Take the 2-minute tour ×
Stack Overflow is a question and answer site for professional and enthusiast programmers. It's 100% free, no registration required.

Consider the following program flow:

pthread_rwlock_rdlock( &mylock);
... compute a lot, maybe be the target of a pthread_cancel() ...
pthread_rwlock_unlock( &mylock);

that is going to leave the lock in a rdlock state if thread is canceled.

It appears that the "right" thing to do is to use pthread_cleanup_push() and pthread_cleanup_pop() and do the unlock inside my cleanup function, but there doesn't seem to be a valid order for the function calls:

void my_cleanup(void *arg) { pthread_rwlock_unlock(&mylock); }
...
pthread_cleanup_push( my_cleanup, 0);
/* A */
pthread_rwlock_rdlock( &mylock);
... compute a lot, maybe be the target of a pthread_cancel() ...
pthread_cleanup_pop( 1);

... that appears nearly correct, except that if the pthread_cancel() hits at "A" then the cleanup will unlock a mylock which is not yet locked leading to undefined behavior.

The whole answer may be:

void my_cleanup(void *arg) { pthread_rwlock_unlock(&mylock); }
...

pthread_setcancelstate( PTHREAD_CANCEL_DISABLE, &oldstate);
pthread_cleanup_push( my_cleanup, 0);
pthread_rwlock_rdlock( &mylock);
pthread_setcancelstate( oldstate, 0);
... compute a lot, maybe be the target of a pthread_cancel() ...
pthread_cleanup_pop( 1);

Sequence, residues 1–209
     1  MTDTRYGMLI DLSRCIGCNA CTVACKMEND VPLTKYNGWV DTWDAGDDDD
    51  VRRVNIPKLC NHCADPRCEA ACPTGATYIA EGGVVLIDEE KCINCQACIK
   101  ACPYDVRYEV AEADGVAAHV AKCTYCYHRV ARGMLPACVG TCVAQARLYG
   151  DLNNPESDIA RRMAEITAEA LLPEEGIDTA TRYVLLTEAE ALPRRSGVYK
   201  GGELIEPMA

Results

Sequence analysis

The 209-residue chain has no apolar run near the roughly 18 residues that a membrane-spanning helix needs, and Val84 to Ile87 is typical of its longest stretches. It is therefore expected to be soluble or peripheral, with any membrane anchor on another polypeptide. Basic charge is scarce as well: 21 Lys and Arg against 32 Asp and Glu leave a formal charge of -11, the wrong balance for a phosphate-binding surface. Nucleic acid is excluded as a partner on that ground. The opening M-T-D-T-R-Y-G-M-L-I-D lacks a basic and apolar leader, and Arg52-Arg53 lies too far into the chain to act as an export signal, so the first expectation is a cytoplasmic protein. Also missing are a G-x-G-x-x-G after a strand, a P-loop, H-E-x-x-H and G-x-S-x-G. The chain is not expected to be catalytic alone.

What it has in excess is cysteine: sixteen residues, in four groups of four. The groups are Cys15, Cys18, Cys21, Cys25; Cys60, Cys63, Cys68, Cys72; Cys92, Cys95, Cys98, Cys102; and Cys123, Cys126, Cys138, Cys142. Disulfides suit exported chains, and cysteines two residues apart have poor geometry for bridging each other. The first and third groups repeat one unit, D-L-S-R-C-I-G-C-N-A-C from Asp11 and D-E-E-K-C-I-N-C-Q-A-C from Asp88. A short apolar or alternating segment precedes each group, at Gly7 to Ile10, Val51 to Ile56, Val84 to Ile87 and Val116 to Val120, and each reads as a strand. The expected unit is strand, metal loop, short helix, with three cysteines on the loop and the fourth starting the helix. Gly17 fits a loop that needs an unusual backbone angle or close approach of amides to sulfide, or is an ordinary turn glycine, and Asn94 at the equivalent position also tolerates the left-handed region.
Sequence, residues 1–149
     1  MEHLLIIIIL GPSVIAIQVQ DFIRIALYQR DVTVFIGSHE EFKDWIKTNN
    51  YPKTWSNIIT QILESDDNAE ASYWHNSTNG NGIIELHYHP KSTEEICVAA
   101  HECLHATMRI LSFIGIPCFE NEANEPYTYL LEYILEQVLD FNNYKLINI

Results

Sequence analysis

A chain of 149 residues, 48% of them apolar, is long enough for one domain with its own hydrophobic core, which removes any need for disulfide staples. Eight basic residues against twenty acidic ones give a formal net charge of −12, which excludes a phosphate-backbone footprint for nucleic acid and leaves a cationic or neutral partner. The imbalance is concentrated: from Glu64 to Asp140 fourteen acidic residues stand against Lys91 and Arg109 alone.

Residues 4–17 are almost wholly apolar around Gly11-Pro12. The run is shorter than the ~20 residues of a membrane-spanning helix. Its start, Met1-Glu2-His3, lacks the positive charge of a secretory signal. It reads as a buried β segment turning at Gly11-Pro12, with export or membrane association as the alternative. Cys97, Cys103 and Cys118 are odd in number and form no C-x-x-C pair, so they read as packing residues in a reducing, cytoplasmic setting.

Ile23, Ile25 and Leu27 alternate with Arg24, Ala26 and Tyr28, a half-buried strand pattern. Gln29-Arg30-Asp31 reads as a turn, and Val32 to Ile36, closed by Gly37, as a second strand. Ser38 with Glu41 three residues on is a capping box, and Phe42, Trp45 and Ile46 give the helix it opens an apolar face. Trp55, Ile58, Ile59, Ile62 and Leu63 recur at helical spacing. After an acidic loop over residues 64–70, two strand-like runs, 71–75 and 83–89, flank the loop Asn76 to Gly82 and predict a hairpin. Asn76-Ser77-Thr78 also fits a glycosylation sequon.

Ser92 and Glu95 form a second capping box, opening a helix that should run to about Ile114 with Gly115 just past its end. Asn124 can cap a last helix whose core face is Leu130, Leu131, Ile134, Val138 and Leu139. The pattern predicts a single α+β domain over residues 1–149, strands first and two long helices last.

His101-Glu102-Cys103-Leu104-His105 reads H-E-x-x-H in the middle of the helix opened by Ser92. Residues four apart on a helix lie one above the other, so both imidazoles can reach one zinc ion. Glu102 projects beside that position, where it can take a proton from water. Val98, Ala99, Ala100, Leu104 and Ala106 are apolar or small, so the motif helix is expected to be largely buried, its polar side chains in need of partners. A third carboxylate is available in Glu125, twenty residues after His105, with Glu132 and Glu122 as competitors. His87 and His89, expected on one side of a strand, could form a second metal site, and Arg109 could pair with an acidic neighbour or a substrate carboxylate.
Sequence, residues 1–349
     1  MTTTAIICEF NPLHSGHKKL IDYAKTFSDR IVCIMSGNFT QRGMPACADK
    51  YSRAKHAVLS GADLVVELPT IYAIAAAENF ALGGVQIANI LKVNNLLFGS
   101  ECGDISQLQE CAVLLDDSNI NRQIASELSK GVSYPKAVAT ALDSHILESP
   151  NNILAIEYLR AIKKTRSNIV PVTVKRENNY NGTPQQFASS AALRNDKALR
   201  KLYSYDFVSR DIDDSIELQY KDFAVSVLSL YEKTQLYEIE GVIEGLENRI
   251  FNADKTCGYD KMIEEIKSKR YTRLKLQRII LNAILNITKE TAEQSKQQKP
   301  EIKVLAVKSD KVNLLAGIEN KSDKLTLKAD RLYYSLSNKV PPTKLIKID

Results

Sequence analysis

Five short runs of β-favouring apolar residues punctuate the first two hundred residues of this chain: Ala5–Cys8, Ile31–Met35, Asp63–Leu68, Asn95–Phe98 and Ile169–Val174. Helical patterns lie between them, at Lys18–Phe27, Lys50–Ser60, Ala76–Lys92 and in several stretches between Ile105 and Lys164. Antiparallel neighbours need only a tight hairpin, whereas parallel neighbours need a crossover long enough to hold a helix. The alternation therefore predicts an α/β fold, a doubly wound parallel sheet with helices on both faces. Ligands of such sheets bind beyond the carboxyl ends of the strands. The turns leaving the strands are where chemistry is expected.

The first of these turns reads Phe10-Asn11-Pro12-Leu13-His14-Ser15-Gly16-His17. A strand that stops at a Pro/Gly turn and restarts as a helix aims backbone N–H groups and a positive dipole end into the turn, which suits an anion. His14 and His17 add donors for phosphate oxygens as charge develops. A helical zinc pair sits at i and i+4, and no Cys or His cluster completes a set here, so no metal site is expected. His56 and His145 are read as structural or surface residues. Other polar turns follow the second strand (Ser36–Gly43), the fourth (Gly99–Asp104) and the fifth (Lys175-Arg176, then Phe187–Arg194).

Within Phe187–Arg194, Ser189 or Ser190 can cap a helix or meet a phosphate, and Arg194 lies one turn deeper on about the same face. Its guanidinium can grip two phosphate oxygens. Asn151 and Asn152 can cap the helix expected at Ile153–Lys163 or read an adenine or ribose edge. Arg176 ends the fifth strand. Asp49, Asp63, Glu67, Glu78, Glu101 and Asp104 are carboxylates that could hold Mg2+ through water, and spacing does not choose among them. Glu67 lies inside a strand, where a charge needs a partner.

but at that point it seems like I'm wrapping some well defined primitives in bandages.

So is there a better idiom for this?

share|improve this question
add comment

2 Answers

up vote 0 down vote accepted

I took a look at the glibc/nptl source and I don't see a better way than what you suggested. There's not even enough state in a rwlock for you to "cheat" and trust that the unlock side will know if you got the lock or not. If you didn't acquire the lock but someone else did, a spurious unlock will corrupt the state (rather than returning error).

In fact, offhand I can't find a reason why a well-placed SIGCANCEL couldn't interrupt pthread_rwlock_rdlock itself and leave the lll_lock (glibc internal) lock held, causing all other access to the rwlock to hang. So your PTHREAD_CANCEL_DISABLE might be even more important. Add one around the cleanup as well if you really plan to create/cancel many of these threads. It would be worth writing a test program to stress-test it.

share|improve this answer
    
pthread_rwlock_rdlock is not a cancellation point, so you don't have to consider it. tHeDoc's answer is correct. Cancellation is not asynchronous by default, and if you did enable async cancellation, you are not allowed to call any library functions except those related to disabling cancellation - certainly not locking primitives. –  R.. Jun 1 '11 at 23:44
add comment

Unless you allow asynchronous cancel, the pending pthread_cancel() will be processed only at known points. Therefore it should be safe to push just after successfully locking, and the pop just before unlocking.

share|improve this answer
    
This answer is correct. The accepted answer is wrong. –  R.. Jun 1 '11 at 23:44
add comment

Your Answer

 
discard

By posting your answer, you agree to the privacy policy and terms of service.

Not the answer you're looking for? Browse other questions tagged or ask your own question.